Some West Berliners were disappointed with the US response to the Berlin crisis, but the people in West Berlin remained friendly toward Kennedy, and in June 1963 — eight months after the Cuban Missile Crisis — they gave Kennedy a hero's welcome. Kennedy spoke of the proudest boast two thousand years before as "civis Romanus sum" (I am a Roman citizen). "Today," he continued, "in the world of freedom the proudest boast is Ich bin ein Berliner". He added that "Freedom has many difficulties and democracy is not perfect, but we have never had to put a wall up to keep our people in, to prevent them from leaving us."
Ngo Dinh Diem was an anti-Communist who wanted real independence for his country Vietnam. In the early 1950s he was in exile in the United States and there he won support from various people and the Eisenhower administration as an alternative force in Vietnam. The Eisenhower administration gave Diem financial support and had begun training an army in the southern half of Vietnam loyal to Diem. Both Diem and the Eisenhower administration disliked the idea of elections promised at Geneva to unite Vietnam's north and south, elections promised for 1956 but feared by anti-communists that the communists would win.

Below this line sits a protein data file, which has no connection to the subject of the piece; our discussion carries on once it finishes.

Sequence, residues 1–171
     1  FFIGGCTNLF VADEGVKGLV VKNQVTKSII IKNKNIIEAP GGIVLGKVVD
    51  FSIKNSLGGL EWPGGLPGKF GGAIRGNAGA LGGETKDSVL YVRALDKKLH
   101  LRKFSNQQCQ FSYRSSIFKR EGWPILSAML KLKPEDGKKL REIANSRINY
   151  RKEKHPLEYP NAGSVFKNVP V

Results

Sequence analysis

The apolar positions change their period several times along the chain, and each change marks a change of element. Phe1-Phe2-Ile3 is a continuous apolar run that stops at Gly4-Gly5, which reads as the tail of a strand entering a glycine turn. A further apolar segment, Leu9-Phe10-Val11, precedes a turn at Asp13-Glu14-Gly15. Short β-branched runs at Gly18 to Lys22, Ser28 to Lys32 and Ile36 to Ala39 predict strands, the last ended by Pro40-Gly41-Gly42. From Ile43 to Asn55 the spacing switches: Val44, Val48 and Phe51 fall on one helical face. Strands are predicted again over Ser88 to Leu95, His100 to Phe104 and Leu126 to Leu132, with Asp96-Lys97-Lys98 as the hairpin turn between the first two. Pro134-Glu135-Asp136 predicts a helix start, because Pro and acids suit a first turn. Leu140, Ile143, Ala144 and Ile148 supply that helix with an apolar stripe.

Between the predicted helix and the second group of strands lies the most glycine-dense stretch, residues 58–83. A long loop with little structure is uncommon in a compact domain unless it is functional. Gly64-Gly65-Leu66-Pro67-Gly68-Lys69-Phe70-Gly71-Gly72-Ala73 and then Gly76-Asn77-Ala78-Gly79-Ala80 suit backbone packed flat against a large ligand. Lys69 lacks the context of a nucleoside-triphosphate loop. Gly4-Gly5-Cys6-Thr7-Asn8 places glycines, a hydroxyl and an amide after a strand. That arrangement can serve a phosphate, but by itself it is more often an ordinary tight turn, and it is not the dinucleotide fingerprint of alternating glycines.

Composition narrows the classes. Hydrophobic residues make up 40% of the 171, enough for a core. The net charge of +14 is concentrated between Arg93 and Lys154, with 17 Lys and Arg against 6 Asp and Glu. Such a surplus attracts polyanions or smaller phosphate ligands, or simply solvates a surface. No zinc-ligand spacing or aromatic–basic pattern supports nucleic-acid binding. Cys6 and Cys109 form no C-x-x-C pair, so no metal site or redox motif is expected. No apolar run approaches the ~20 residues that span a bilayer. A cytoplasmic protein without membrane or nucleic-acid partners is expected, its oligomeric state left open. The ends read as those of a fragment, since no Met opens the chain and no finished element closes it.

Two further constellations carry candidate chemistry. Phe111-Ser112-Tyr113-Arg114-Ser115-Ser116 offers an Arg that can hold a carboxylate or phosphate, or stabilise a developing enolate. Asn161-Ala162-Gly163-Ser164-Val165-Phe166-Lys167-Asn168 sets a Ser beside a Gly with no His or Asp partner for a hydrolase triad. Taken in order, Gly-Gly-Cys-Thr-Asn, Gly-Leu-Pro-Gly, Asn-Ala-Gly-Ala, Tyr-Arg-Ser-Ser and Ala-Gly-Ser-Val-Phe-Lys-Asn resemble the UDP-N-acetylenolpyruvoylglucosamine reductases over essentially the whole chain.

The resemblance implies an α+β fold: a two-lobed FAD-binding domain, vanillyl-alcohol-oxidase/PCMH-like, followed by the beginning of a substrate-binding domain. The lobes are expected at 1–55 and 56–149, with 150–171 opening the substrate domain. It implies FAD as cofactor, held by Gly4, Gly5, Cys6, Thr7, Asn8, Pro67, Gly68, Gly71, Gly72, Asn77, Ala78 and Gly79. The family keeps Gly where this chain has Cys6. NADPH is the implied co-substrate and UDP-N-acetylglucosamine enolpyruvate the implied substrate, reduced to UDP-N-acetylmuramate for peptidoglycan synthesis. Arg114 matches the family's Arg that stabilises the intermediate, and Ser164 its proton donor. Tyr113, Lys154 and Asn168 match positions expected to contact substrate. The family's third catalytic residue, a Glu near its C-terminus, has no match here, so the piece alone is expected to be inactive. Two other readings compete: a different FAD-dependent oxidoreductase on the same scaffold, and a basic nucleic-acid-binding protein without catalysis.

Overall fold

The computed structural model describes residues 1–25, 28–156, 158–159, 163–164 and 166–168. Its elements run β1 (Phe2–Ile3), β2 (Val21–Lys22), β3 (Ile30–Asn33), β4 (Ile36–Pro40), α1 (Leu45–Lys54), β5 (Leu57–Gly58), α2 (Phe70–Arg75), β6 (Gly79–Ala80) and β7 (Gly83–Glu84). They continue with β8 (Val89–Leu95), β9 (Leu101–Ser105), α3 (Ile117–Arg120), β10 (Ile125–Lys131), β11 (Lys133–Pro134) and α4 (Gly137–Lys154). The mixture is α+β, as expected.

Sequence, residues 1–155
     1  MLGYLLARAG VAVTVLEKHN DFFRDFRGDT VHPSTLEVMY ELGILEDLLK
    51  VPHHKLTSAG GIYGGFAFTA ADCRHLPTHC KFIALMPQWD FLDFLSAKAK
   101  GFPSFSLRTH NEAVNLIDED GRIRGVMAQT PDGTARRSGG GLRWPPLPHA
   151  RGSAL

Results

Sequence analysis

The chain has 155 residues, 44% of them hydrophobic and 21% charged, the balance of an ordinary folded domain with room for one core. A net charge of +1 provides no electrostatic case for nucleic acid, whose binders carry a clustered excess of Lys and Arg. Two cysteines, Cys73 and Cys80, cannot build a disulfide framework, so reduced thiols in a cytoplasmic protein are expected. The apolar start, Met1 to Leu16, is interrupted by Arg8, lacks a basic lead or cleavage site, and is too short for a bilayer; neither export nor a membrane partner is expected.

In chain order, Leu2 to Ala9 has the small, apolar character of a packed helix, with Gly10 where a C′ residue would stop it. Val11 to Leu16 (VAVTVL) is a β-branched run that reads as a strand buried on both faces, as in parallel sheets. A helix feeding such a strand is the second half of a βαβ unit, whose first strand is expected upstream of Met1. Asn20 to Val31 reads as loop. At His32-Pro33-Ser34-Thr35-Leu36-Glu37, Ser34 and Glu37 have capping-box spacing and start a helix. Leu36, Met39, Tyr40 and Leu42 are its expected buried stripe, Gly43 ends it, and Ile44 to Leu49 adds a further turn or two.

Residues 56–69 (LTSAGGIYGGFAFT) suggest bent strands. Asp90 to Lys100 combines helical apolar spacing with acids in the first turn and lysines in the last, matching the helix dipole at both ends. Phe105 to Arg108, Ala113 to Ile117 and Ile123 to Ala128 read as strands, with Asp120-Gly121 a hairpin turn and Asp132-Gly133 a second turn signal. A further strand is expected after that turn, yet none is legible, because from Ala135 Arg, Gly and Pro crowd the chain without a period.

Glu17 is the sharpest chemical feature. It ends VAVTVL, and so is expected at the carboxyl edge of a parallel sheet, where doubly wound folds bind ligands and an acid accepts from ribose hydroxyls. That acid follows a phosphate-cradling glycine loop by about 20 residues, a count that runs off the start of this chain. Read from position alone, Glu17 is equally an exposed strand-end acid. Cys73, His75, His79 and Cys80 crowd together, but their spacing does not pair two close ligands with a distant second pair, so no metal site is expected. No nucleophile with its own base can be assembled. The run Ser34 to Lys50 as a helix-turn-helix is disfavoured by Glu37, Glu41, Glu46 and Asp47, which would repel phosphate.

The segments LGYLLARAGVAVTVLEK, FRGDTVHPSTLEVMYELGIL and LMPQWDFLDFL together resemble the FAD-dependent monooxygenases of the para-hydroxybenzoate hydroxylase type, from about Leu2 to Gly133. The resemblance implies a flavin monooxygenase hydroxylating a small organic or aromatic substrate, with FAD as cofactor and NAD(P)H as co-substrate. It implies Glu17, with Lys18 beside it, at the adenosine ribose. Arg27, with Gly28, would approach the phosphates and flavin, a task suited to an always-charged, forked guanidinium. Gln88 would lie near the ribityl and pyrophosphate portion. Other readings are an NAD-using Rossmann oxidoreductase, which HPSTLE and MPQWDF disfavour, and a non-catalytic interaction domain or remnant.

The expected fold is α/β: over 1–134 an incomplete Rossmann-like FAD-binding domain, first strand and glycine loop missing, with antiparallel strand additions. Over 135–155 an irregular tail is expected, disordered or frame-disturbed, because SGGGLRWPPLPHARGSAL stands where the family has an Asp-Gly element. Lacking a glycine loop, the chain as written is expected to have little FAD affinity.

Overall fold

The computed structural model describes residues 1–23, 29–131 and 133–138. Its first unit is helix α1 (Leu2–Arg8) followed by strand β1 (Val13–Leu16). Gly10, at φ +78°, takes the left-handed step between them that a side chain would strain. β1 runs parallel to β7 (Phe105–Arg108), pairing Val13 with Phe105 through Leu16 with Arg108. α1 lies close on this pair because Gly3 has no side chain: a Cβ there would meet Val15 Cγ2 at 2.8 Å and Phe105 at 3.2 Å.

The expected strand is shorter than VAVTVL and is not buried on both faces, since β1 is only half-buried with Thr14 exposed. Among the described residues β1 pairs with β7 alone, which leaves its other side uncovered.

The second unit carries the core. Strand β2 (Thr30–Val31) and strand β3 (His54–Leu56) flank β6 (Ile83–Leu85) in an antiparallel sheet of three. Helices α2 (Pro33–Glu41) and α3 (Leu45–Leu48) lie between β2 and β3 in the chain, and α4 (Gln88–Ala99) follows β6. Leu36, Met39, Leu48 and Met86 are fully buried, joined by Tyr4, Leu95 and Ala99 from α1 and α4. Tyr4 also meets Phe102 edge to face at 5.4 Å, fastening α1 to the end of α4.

France Vietnamese puppet monarch for South Vietnam was Bao Dai. Bao Dai disliked Diem, but in June 1954 he yielded to political pressure and named Diem his prime minister. On 18 October 1955 he described Diem as using "police methods" and exercising a "personal dictatorship." Diem moved quickly to have himself elected president through a referendum. Diem's troops guarded the polls, and those who attempted to vote against him were assaulted. Diem proclaimed himself President of the Republic of South Vietnam. Bao Dai was out and the French displeased. The French were leaving, and military aid from the United States began.